Drama Reviews Reviews

Twisted Twist, Power-Packed Performances Instill New Life in Phaans!

Written by Omair Alavi

Director Ahmed Kamran and his actors save Phaans from sinking into boredom! 

OMAIR ALAVI PUBLISHED 18 JUN, 2021 02:46PM

Had it not been dragged like a slow-moving train, had it not tested the viewers’ patience for tolerating boredom, had the makers believed in ‘less is more’, Phaans might have become a trendsetter in suspense. However, the twist that was visible in the fourth episode finally revealed itself in the twentieth episode, taking the audience by surprise. But the impact would have been far more shocking had the ‘let’s go to Zeba’s house’ been reduced to a minimum, and the ‘let’s find out the culprit’ been maximum!

The Story

With the death of her mother Shakila (Kinza Malik), Zeba (Zara Noor Abbas) is now left alone in the world and has suicidal thoughts. Samad (Sami Khan) saves her from ending her life and stands by her, both as a guide and a well-wisher, advising her to stay strong. Her sister and her in-laws mock him for being there, but even then, he doesn’t leave her. His mother (Mariam Mirza) also changes her attitude towards Zeba and wants her to move in with them since it wasn’t safe for her to stay at her house after her mother’s death.

However, things take a twisted turn when Hashim (Zain Afzal) reveals to Samad and Zeba that he was a witness to the assault, and kept quiet because of Sahil’s threat. Sahil (Shahzad Sheikh) was revealed to be faking his mental illness, after his mother (Arjumand Rahim) saw him misbehave with the maid. Earlier, she had suspected her husband (Ali Tahir) of being the alleged rapist but after he confided in his daughters, the suspicion shifted to Sahil. On finding out that his mother might know his reality, Sahil continued the ‘act’, believing that no one would find out the truth!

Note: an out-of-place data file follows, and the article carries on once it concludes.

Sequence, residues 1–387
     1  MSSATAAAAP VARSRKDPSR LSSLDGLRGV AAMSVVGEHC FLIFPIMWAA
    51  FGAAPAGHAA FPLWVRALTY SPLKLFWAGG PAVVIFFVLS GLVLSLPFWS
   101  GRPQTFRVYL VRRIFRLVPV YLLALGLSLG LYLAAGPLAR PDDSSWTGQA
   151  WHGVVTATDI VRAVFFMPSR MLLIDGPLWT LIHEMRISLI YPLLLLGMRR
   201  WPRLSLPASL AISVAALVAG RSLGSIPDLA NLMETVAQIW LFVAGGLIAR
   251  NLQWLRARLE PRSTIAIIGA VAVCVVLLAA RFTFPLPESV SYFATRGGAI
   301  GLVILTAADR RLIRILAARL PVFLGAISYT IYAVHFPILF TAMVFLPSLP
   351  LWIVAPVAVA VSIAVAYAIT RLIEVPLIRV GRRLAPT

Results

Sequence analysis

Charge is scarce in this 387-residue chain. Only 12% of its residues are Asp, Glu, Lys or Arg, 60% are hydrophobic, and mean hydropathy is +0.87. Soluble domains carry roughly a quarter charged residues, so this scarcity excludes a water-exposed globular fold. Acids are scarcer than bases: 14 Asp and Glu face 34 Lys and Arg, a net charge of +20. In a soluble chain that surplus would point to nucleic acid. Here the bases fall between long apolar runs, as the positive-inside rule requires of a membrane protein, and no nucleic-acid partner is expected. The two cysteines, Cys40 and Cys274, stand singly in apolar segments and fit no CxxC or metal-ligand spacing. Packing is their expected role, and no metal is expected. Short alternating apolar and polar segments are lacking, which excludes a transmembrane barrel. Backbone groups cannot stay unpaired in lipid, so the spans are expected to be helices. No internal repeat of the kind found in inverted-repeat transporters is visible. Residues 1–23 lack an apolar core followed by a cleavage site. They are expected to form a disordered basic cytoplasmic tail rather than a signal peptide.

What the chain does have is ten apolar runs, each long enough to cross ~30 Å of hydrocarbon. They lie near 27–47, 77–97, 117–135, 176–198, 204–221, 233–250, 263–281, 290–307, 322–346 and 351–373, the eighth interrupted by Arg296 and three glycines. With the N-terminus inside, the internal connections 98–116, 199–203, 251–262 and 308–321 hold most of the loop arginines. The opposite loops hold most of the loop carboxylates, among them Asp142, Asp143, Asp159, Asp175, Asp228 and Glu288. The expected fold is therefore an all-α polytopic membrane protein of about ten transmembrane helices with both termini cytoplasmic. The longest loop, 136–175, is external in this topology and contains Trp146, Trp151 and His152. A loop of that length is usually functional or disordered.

The Good – Shahzad Sheikh saves his best for the twist!

The nineteenth and twentieth episodes of Phaans can be termed as the saving grace of the series since it made one fall in love with it all over again. While the nineteenth episode belonged to the powerful performances given by Sami Khan and Zara Noor Abbas, the twentieth had just one winner – Shahzad Sheikh. Not only did he do his father Jawed Sheikh proud by raising the bar but portraying a convincing villain who gathered everyone’s sympathies before the shocking twist. The way his expressions changed ahead of the assaults (both with the present maid, and in the flashback) was spot on, and that sinister laugh at the end made the audience hate him more.

The rest of the actors also did a great job, and save Phaans from hitting rock bottom. Ali Tahir and Arjumand Rahim as the powerful parents of Sahil, Zara Noor Abbas as the victim, Sami Khan as the first suspect, Zain Afzal as the victim’s ex-fiancé and even Yashma Gill as the daughter who was fed up with her parents’ constant fighting. They all stayed loyal to their characters, and their expressions were priceless on occasions, especially when they found out that Sahil was not mentally ill, but physically sick!